Bystander Intervention: What it means, what it is not and why we need to talk about it

Bystander Intervention
Bystander Intervention is a violence prevention strategy developed keeping in mind that violent or potentially violent/threatening situations often occur in the presence of others.
Have you ever witnessed anyone being assaulted or harassed and did not know what to do to help the victim?
Curley Street, a Bengaluru-based film production house, is running a Bystander Intervention(BI) campaign through September to raise awareness and start a conversation around the issue.
What is Bystander Intervention?
Bystander Intervention is largely a violence prevention strategy developed keeping in mind that violent or potentially violent/threatening and even uncomfortable situations often occur in the presence of others.
This means how can we, as part of the society, help someone in distress.

The examples of these situations are quite varied, ranging from witnessing someone being sexually harassed on the street, to a colleague making a racist remark, to a loved one acknowledging signs of depression or distress.

What next?
While many people would want to help a person facing the above situations, they may often be confused regarding what step to take next.
As the campaign states,

“If you witness a situation where it feels like something is wrong or unusual, notice the event and think about options that are within your personal power to respond. If the event has already occurred and you feel you are too late to intervene, instead of walking away, you could check on the person and ask if they are ok, if they need something.”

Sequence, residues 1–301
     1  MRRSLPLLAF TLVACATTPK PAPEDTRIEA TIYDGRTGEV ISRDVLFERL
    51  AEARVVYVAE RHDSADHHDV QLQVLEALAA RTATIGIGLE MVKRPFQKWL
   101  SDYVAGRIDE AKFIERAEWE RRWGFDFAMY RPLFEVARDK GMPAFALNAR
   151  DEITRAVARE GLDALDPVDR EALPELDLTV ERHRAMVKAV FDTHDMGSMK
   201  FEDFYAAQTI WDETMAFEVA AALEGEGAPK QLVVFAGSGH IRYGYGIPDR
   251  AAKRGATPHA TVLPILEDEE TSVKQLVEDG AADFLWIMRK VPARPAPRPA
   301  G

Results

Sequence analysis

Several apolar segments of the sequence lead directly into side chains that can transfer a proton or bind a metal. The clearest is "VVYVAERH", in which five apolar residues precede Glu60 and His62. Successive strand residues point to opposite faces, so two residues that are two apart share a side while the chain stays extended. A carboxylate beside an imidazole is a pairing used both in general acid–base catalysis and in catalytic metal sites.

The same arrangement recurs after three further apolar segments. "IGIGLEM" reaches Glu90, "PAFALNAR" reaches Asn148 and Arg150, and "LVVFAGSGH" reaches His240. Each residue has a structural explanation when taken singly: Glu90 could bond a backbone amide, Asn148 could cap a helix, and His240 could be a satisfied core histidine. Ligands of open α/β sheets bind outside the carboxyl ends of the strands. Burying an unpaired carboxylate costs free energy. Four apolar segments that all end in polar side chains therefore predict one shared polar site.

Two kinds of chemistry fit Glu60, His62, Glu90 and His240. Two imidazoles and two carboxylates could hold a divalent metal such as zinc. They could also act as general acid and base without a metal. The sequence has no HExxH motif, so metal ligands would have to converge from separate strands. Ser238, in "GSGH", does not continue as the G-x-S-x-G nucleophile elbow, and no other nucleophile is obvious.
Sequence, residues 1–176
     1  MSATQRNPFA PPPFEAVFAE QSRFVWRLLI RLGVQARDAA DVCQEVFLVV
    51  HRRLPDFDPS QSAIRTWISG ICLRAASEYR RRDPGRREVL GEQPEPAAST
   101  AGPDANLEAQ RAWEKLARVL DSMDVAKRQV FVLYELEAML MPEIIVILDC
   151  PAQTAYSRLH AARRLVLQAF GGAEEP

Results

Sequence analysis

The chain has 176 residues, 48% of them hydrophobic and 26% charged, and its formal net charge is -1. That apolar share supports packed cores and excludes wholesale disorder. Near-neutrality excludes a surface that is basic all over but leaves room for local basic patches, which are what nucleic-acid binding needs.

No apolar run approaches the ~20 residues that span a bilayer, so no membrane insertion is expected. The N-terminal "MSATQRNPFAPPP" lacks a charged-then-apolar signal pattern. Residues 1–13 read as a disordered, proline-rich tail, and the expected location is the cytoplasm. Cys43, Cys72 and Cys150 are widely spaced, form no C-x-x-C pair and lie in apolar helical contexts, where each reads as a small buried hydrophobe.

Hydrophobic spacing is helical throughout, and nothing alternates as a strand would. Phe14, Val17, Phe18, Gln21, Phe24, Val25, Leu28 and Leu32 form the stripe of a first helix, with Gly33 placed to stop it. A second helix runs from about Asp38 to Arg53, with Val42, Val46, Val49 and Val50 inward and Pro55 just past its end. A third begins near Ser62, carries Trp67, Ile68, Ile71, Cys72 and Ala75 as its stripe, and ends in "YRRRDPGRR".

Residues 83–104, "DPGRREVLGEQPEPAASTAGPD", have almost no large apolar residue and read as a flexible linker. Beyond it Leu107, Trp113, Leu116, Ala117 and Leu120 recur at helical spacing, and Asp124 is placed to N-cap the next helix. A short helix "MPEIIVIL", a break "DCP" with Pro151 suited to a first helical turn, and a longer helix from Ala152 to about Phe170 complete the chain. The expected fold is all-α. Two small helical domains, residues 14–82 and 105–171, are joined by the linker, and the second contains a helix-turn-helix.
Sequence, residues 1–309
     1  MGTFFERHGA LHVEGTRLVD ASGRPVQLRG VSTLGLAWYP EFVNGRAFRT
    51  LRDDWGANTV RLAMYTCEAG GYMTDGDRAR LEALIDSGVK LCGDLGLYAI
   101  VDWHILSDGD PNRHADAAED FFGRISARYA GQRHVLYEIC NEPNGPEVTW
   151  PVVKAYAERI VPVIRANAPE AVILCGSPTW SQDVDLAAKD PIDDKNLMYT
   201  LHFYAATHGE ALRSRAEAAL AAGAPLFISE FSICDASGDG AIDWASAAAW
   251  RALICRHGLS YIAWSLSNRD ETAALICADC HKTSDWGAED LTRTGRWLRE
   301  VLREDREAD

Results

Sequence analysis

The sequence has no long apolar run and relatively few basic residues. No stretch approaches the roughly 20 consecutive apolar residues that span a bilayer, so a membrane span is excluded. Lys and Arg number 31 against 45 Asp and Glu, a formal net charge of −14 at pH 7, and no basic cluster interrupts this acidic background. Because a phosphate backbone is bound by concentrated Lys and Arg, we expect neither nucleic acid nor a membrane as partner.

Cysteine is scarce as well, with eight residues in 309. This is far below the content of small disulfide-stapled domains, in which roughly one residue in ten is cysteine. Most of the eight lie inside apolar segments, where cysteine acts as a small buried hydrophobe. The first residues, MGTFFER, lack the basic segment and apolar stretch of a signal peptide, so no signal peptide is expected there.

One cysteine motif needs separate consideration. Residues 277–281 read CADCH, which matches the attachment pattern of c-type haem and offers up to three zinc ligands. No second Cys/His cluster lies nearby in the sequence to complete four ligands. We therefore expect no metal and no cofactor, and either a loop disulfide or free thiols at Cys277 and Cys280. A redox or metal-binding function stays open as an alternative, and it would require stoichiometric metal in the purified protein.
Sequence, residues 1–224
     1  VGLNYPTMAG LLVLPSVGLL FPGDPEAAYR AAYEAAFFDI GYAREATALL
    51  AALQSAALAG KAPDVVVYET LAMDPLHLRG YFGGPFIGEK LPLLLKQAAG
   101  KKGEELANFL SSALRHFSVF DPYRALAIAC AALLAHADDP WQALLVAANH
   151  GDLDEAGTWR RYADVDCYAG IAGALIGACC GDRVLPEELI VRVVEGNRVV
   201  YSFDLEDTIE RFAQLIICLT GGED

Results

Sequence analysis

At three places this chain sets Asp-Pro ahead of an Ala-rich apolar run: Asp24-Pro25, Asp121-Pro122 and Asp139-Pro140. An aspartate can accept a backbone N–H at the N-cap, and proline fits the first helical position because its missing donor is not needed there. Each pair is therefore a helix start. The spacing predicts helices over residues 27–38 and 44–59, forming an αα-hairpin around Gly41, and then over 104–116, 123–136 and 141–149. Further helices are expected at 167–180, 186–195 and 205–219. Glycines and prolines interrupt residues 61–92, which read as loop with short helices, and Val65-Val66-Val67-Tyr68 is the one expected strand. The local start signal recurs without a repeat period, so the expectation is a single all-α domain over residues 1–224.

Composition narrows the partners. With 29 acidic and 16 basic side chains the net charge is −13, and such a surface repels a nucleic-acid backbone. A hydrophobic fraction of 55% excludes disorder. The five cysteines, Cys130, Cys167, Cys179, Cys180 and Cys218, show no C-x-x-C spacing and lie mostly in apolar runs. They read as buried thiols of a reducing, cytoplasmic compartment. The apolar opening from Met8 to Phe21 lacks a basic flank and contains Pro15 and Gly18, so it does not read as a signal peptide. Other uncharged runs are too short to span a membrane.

“Bystander intervention deals with interrupting harmful actions or words/comments in the moment when they occur in our presence. The goal is that if every responsible member of our community can act in their individual, small way, to make our environment safer, then it leads to a collective act of humanity towards one another,” it adds.

Bystander Intervention does NOT mean putting yourself in harm’s way
This is something the campaign stresses on.
BI does not necessarily mean fighting a gang of goons harassing someone, like in the movies.
BI doesn’t require people to put themselves in harm’s way or confronting the aggressor directly.
The perception that people need to put their lives at risk to intervene is also one of the biggest challenges that BI faces.
“While this could be one of the options you choose to take, bystander intervention provides several indirect and safer ways of interrupting a problematic situation,” the campaign states.

Let’s say, you hear a friend making sexually inappropriate jokes about someone. You could change the topic, tell your friend why his/her jokes are not okay, talk to someone in a position of authority or excuse yourself from the conversation.
“So, bystander intervention does not mean that you have to change the aggressor’s thoughts/actions or problem solve the situation from start to finish, but more so to interrupt the moment in which something inappropriate/violent occurs or is about to occur or escalate. It is essential that bystanders intervene in a way that is safe and comfortable to them in order for bystanders to want to continue to intervene,” is the message of the campaign.

For the campaign, Curley Street has collaborated with clinical psychologist Dr Divya Kannan who specialises in trauma and sexual violence and is also trained in bystander intervention.
They are also working with to encourage people who have intervened positively in the past to share their stories., a global movement to end harassment which focuses on BI training, is also helping with campaign.
As part of the campaign, Curley Street will be releasing videos and interviews with experts. 

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